The Kenya Tea development Agency (KTDA) is seeking Sh800 million from the government to expand its production line for high value specialty tea following a surge in demand in the international market.
Agency chairman David Ichoho says it has so far received six-month upfront orders from the international buyers.
Mr Ichoho said they want to put up specialty tea production lines in 10 more factories to cater for the expanded order book.
Mr Ichoho made the request to President William Ruto on Wednesday during the flagging off of tea meant for West Africa under the African Free Trade Continental Area (AfCFTA) pact.
“We are seeking an immediate grant of Sh800 million from the government to facilitate 10 orthodox processing factories to meet the six month orders from our international buyer,” said Mr Ichoho.
KTDA has 12 factories that are currently making orthodox tea and it wants to roll out the processing of this type of beverage to all its factories.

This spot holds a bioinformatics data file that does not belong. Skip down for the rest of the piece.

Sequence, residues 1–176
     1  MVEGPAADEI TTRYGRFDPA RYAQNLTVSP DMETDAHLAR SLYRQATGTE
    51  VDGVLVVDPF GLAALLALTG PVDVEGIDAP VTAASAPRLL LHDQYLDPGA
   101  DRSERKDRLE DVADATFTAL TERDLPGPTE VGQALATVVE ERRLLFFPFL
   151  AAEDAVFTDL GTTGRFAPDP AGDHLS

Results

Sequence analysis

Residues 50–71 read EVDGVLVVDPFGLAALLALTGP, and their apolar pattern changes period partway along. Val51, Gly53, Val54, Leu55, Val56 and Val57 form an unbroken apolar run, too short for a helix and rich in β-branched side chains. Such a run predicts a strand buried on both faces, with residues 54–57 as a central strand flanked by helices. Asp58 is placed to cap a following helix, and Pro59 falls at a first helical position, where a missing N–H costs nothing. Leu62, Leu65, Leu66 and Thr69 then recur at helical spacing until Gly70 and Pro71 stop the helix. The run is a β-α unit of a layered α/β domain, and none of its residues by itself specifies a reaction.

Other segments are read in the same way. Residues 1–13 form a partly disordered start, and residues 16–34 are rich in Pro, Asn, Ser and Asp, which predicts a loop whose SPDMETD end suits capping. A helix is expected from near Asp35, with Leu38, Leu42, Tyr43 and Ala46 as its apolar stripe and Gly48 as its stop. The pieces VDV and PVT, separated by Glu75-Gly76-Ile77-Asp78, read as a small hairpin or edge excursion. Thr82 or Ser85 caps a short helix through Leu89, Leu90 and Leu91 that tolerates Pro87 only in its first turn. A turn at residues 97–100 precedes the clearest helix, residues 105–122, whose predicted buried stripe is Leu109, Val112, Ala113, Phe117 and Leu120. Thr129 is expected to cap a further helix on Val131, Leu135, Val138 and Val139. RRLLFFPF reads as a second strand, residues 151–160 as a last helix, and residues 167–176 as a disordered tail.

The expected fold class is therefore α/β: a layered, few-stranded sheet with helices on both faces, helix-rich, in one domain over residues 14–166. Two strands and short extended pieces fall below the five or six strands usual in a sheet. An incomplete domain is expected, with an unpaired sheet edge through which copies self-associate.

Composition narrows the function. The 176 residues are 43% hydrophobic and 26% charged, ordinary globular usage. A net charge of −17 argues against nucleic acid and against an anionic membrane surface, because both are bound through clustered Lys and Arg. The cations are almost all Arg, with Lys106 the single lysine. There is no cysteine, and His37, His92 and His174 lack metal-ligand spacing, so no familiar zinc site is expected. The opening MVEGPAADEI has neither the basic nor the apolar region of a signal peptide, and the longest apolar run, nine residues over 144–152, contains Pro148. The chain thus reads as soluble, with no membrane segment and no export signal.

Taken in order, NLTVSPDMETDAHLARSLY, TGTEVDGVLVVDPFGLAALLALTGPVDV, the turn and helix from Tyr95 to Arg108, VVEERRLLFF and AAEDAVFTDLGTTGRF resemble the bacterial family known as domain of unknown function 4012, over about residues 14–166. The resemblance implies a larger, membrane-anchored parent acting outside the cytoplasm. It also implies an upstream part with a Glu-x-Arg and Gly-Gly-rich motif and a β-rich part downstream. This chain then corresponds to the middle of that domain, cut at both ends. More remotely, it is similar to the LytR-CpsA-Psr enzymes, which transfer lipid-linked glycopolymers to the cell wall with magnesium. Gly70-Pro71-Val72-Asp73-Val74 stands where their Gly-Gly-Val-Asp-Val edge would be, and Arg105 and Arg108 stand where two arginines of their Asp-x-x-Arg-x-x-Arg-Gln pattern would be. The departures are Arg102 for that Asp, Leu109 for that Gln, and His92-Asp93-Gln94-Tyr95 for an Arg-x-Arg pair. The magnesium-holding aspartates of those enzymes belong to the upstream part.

The agency has been producing about five million kilogrammes from the factories where the special processing lines for this tea have been installed.
Kenya is the only country in the world that produces purple tea, but the country is yet to tap its full potential even with a ready market.
Orthodox beverages that include white and purple teas are high value products that fetch premium prices in the market.
They are expensive because of the limited volumes produced in the country against high demand globally.
For instance, a kilogramme of white tea will fetch as much as Sh7,000 in the market while purple tea will earn a factory Sh1,200 for half kilogramme packet. This is against Sh270 that a kilogramme of black tea is selling at in the auction currently.
Specialty and orthodox teas are known for their antioxidant qualities, which comes with some health benefits that include fighting cancer, lowering of weight, hair loss, and reduce the risk of a heart attack.
Kenya is predominantly a producer of black tea and it is the largest exporter of the commodity to the world market.
The country has been cutting overreliance on black tea by diversifying into specialty tea to increase farmers’ income as the price of the black tea becomes volatile in the market.